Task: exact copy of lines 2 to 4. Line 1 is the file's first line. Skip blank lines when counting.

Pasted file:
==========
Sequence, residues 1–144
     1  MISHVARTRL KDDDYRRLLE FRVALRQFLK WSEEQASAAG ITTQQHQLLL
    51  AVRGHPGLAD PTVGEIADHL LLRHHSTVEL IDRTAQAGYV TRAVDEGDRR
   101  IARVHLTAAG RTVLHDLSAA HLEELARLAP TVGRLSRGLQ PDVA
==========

     1  MISHVARTRL KDDDYRRLLE FRVALRQFLK WSEEQASAAG ITTQQHQLLL
    51  AVRGHPGLAD PTVGEIADHL LLRHHSTVEL IDRTAQAGYV TRAVDEGDRR
   101  IARVHLTAAG RTVLHDLSAA HLEELARLAP TVGRLSRGLQ PDVA